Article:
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Toothbrushing on Iwo Jima

iwo jima marines wwii

Iwo Jima, Saturday, 3 March 1945:

On this day, the Marines broke the Meat Grinder. Late in the day, they were able to secure Hill 382, and now the Amphi­theater was outflanked. Meanwhile, another unit relieved the worn-out RCT 25 and cut off the pocket of Japanese at Turkey Knob.


The Japanese defense was broken, but at great cost. The Fourth Division had 6,591 casualties, 2,880 from the Meat Grinder alone, and its men were exhausted.


Hudson’s platoon lost a Marine who sprained his knee, but later he returned and finished out the battle.


Around this time, Hudson’s unit was pulled off the line for a few days, and someone took a picture of him wearing a red necktie his mother had given him for Christmas. “I wore it all through the battle. I guess it gave me good luck.” The handle of his Colt .45 is visible in the picture as well as the toothbrush in his pocket that he used to clean his weapons.

Toothbrushes were not for teeth, though Hudson did brush his teeth during the battle at least once. One day the squad got a Red Cross package consisting of one toothbrush and two or three tubes of toothpaste.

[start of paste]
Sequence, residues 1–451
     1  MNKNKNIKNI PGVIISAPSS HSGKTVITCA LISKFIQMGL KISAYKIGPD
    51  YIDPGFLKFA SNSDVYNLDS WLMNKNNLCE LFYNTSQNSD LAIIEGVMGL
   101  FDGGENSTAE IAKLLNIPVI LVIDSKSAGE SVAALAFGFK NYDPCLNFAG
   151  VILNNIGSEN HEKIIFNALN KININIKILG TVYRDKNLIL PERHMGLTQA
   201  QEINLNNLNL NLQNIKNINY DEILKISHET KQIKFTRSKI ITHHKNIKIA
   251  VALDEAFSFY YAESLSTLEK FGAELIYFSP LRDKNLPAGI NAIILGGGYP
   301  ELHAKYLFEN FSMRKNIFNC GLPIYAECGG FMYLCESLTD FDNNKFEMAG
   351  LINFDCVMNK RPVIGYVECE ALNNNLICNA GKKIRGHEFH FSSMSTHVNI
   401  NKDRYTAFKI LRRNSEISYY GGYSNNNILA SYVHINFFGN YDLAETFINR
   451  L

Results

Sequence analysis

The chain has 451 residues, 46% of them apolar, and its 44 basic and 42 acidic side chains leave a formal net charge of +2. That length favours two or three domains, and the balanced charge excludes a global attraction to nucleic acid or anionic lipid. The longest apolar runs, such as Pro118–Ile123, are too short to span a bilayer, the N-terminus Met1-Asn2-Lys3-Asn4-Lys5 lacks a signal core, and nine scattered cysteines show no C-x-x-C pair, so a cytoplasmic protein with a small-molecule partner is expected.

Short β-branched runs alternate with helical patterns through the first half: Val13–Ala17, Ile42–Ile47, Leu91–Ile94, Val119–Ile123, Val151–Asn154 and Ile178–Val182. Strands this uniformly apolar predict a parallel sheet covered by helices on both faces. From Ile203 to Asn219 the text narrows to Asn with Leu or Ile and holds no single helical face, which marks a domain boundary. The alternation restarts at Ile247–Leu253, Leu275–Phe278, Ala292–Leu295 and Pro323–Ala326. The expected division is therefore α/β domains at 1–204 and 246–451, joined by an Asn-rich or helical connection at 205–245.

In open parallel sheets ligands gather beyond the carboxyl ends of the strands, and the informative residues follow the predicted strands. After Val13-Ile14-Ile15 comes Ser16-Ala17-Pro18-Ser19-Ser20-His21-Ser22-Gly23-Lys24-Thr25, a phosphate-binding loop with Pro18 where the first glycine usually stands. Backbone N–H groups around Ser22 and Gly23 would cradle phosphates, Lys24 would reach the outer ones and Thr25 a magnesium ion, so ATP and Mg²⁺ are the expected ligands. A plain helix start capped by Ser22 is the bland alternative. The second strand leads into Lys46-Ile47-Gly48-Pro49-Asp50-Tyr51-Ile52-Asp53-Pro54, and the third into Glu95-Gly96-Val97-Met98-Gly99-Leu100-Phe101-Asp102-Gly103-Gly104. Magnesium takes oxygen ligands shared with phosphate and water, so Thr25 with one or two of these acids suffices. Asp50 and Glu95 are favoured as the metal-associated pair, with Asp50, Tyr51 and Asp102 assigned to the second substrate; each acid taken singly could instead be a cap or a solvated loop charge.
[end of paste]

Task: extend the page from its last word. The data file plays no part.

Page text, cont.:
All the squad used the same toothbrush that day. Sharing a toothbrush that had been in someone else's mouth was better than sharing the toothbrush each used to keep his weapon clean. The weapons got very dirty, and it was a matter of life and death for the weapon to be reliable when fired. The Marines would never use somebody else's weapon toothbrush.

Many matters of appearance and hygiene took second place to survival. During his time on Iwo Jima, Hudson never shaved and never changed his underwear, socks, or clothes. He had plenty of ammunition, water, and food (even if it was only K or C rations), and that was all he needed to do his job. Ciga­rettes were issued to the men; two or three came in a K ration box. Behind the lines, they may have smoked a lot, but Marines at the front were told not to smoke.

Smoking on the front lines at night created a light spot, a giveaway as to where to shoot. Cancer was no concern, but cigarettes on the front lines were deadly anyway.

Excerpts are from Fighting the Unbeatable Foe: Iwo Jima and Los Alamos, now republished as a 75th anniversary edition in paperback and Kindle.

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